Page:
- Union: US – Pentecost Parade in Fargo
- Union: US – Nano Nagle Scholarship Fund Recipients at Presentation Learning Center
- Celebrating Nurses Week at Presentation Motherhouse in San Francisco
- Celebrating the Fifth Anniversary of Laudato Si’ in San Francisco
- Newfoundland Friends of Nano and Sisters Respond to Needs
- Aberdeen Presentation Sisters virtually celebrate Latino Community with online Cinco de Mayo Fiesta
- New Windsor Presentation Sisters Statement on Racism
- Aberdeen Presentation Sisters Respond to COVID with Centering Prayer
- COVID-19 and Newfoundland, Canada
- Aberdeen Presentation Sisters Create New Ways to Stay Connected
- Union US – Fruitful Fulfilling Lives in Shaw, Mississippi
- San Francisco Continuing Day Laborer Program During the Pandemic
Union: US – Mobility for Mission
On November 21, 2019, Sister Julie Hurtado boarded a plane in Los Angeles, Calif., to begin her journey to Bethlehem, Palestine. She was responding to a call from congregational leadership to ministry at the Presentation mission in Bethlehem. In Our Way of Life (constitutions) it states: “Our participation in the congregational community nurtures a global consciousness and a spirit of solidarity. It alerts us to the Gospel call to mobility for mission (C54).” Julie is there on a visitor’s visa for three months as she continues discernment in further exploring her felt call to this ministry before seeking residency. Her Christmas letter is below.
December 24, 2019
I grew up singing songs at “The Posadas” the 9 days before Christmas reenacting Joseph and Mary’s Journey to find shelter in Bethlehem. It’s a beautiful tradition and never did I think I would be so blessed to be able to sing Campanas de Belén /Bethlehem Bells here.
Belén, campanas de Belén,
Que los ángeles tocan ¿Qué nueva me traéis?
(Bethlehem, bells of Bethlehem that the angels ring.
What news do you bring me?)
other verses…in between….
Campana sobre campana, Y sobre campana, dos,
Asómate a esa ventana, Porque está naciendo Dios.
(Bell after bell, and after bell, two!
Lean out that window, God is being born.)
Here in the midst of many faiths, peace/conflict and the long dark and cold nights, we prepare to celebrate the birth of Jesus, Light of the world, Prince of Peace, Wonderful Counselor, Mighty God, Emmanuel – God is with us.
There are some Christmas decorations and the Muslim Call to Prayer five times a day (beginning at 4:30am) that can be heard all throughout the city. In some stores there are English Christmas carols and in others you see men stop and put a mat down kneel and pray, you see Catholics holding their rosary beads and Muslims holding their prayer beads as well. It might seem like a paradox but I have seen the deep faith of the people who struggle in this open prison.
The four of us: Anna from Zimbabwe, Africa, Silvia and Shobha, both from the South India province, and me, a Mexican American, are forming an international community together. One day during our evening prayer Anna placed pita bread (the main bread here) in the center and read a scripture passage of Jesus breaking bread and sharing stories with his friends. Each of us then shared our stories. We concluded our evening prayer with breaking and eating the pita bread with hummus sitting around our electric heater to keep us warm. By our conversations each of us has become more aware of the pain and suffering in each others’ countries and people, yet we feel for some reason God has us here at this time.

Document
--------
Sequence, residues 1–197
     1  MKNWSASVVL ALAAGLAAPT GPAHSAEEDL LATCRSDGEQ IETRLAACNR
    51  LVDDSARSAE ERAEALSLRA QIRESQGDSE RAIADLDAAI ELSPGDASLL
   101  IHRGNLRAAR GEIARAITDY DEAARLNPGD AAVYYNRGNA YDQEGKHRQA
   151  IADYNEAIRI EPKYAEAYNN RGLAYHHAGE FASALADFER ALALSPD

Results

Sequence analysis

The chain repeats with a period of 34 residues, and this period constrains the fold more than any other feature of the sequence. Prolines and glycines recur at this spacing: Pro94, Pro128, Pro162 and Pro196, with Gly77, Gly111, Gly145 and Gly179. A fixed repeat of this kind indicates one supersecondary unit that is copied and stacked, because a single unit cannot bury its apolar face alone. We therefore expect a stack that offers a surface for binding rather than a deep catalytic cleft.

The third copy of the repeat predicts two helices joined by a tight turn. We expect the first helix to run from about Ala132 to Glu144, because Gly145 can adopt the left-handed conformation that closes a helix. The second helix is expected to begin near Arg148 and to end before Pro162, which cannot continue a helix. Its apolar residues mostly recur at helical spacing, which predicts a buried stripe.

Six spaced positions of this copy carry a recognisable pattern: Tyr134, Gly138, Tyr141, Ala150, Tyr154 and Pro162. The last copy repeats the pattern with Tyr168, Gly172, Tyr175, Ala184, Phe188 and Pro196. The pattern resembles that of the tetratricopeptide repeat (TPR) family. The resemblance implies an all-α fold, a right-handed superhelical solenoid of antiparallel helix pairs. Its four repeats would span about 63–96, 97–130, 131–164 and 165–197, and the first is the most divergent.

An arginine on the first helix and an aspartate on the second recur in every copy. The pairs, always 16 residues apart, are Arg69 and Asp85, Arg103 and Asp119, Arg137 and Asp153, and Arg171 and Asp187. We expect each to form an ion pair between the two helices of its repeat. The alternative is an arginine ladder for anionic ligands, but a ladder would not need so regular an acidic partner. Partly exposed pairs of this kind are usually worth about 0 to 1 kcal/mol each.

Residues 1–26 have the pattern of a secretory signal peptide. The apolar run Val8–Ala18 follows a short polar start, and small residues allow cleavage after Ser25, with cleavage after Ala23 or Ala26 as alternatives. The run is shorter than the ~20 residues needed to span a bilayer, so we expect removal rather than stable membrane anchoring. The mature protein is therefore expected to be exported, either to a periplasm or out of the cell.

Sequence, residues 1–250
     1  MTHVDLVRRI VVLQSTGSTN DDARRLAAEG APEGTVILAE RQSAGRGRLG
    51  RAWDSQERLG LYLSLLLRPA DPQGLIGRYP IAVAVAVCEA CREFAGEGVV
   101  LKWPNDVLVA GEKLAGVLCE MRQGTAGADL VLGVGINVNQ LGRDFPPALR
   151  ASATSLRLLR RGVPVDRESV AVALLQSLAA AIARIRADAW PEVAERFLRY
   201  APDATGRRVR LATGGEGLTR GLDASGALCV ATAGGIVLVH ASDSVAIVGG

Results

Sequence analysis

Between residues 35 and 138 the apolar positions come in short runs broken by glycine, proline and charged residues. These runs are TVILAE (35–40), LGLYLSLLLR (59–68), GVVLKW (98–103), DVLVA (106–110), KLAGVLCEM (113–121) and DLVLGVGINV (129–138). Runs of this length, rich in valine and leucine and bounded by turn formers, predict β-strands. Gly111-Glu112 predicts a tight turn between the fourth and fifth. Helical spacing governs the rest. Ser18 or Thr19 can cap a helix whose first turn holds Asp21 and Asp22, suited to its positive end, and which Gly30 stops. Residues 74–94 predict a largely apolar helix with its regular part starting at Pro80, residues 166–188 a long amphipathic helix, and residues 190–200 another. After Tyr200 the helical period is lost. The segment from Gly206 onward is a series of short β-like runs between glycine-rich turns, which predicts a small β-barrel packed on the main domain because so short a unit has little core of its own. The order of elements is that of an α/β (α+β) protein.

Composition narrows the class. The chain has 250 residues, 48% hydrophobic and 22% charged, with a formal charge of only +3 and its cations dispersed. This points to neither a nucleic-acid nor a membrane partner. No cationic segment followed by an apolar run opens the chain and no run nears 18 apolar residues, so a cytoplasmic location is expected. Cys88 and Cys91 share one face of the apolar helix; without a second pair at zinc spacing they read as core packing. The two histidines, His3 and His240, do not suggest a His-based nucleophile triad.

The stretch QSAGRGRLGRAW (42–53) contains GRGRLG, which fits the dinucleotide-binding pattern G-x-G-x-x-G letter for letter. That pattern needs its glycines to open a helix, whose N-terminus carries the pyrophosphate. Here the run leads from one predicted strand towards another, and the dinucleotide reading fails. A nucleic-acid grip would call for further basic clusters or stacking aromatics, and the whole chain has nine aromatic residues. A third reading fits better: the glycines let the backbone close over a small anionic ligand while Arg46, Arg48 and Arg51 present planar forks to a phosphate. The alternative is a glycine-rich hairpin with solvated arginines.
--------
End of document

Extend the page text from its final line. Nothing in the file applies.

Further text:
The last few weeks have been an amazing experience. There are so many hills, I am slowly getting used to walking up and down. It’s like the hills in San Bruno and San Francisco. Lots of walking! Some times we take the bus or a shared taxi, but mostly we walk. I have met people and, even though we do not speak each other’s language, we make an effort with smiles and hand gestures and no words but we still communicate. Some times when I hear people’s stories and the daily difficulties, it makes me wish there was something more we can do to bring about Christ’s peace, hope and unity. I have seen the three sisters doing that in their ministries to Christians (Catholic and Orthodox), Muslims, elderly, young women, disabled children/their parents, asylum seekers and migrants.
I am slowly learning Arabic. Sometimes it’s difficult because I greet people in Arabic and “good morning and how are you?” Then they start speaking quickly and saying words I do not understand, I wave my hand to stop and say please poquito and in Arabic, šwayy, šwayy—slowly, slowly, I’m just learning. There are some people who speak English but also many who do not. It is so important in order to communicate with others.
Only once a year (Dec. 24) the gate (in the 26 ft. concrete wall separating Palestine and Israel) is opened. It begins the procession of the Latin Patriarch of Israel, Palestine, Jordan and Cyprus and there is a parade with many bands all headed to Manger’s Square then on to St Catherine’s (the Catholic Church beside the Church of the Nativity-Greek Orthodox) for a prayer service to begin the masses and celebrations of the birth of Jesus.
Be assured of my prayers for each of you here in Belėn / Bethlehem this night when we celebrate the birth of our Savior. May the Light, Peace and Joy of Christ be yours now and always.
Eid Milad Saeid
Merry Christmas and a Happy New Year!!
Lots of Love and Blessings,